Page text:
Reflections of Hmong History Through Tapestry
An interpretive exhibit, "Hmong History Through Textile", was created to show the relationship between Hmong history and the changing styles of traditional clothing and the "story cloth". Paj ntaub (flower cloth) is a form of textile artwork used to decorate women's skirts, men's collars and story cloths. The design of tradtional Hmong clothing identifies its wearer by familial, political, cultural and geographical connections.
After the Vietnam War, thousands of Hmong were displaced. Pre-war story cloths had geometric designs. Post-war women in refugee camps designed explicit depictions of political turmoil and real-life experiences. Eventually, there was a market outside of the Hmong community for these story cloths and the depictions shifted to folk tales.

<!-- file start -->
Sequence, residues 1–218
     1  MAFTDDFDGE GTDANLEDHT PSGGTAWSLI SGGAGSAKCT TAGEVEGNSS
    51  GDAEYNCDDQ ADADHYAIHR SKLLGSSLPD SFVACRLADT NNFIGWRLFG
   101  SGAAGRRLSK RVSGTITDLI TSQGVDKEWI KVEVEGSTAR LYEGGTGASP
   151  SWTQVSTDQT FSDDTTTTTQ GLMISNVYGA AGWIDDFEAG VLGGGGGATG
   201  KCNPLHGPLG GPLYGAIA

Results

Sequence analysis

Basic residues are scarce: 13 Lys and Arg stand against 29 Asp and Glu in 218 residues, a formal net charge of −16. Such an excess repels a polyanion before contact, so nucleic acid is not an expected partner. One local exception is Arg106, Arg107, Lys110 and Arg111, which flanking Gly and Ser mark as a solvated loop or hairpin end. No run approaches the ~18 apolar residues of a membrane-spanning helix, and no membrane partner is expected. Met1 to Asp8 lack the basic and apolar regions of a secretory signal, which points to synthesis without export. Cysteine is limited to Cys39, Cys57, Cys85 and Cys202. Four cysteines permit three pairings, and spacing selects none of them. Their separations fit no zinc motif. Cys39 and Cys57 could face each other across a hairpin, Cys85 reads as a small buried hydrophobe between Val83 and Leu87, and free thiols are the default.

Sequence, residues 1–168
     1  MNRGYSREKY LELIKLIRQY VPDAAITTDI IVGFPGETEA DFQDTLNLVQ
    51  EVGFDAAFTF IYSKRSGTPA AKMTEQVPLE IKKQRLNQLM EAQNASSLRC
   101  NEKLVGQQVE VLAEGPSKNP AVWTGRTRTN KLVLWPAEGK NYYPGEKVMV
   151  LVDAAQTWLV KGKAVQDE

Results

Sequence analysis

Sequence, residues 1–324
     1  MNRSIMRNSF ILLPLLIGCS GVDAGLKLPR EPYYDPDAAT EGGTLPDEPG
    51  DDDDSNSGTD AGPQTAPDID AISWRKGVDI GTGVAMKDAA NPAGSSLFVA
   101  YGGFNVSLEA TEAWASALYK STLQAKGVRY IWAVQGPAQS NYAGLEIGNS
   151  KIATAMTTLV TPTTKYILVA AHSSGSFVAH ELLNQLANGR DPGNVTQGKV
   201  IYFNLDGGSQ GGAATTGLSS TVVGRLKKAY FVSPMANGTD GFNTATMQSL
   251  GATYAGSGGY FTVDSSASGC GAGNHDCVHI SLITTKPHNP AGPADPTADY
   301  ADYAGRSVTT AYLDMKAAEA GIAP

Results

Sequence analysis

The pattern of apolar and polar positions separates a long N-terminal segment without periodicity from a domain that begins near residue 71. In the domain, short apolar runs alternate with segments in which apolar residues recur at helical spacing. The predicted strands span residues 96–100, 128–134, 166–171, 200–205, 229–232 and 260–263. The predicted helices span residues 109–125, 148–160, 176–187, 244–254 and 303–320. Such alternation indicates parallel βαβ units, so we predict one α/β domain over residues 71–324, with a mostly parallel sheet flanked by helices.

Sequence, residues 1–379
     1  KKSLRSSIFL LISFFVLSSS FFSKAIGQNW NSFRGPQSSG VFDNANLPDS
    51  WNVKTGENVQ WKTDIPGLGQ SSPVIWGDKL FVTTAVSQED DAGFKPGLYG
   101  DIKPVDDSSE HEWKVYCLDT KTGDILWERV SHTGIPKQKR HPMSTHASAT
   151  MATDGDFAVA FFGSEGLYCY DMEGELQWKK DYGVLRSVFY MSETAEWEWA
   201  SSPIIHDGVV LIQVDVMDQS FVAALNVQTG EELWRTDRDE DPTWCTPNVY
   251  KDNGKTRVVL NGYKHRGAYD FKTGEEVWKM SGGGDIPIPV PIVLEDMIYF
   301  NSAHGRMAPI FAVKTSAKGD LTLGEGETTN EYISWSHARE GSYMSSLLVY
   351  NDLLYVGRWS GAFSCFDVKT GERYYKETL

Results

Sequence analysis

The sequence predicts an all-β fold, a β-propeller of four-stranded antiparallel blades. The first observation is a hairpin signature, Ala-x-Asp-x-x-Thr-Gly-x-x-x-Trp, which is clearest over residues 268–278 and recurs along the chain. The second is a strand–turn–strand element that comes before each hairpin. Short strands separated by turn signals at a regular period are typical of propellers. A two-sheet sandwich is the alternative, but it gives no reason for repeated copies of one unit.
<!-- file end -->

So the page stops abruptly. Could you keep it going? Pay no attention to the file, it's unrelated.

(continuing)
The initial research for the exhibit was conducted by a professional exhibit development consultant. This consultant reviewed the literature, consulted with private collectors and museums and took a survey of institutions having Hmong artifacts, exhibits and/or relevant information. Fifty seven artifacts to be used in the exhibit were cataloged and the information put in a spreadsheet by an intern. The exhibit was then designed and the mounts and labels created for the artifact display. The exhibit runs from September 15, 2011-January 15, 2012 at the Center for Hmong Studies at Concordia University.
(b) Statewide Historic and Cultural Grants. (i) $2,250,000 in 2010 and $4,500,000 in 2011 are appropriated for history programs and projects operated or conducted by or through local, county, regional or other historical or cultural organizations; or for activities to preserve significant historic and cultural resources. Funds are to be distributed through a competitive grants process. The Minnesota Historical Society shall administer these funds using established grants mechanisms, and with assistance from the advisory committee created herein.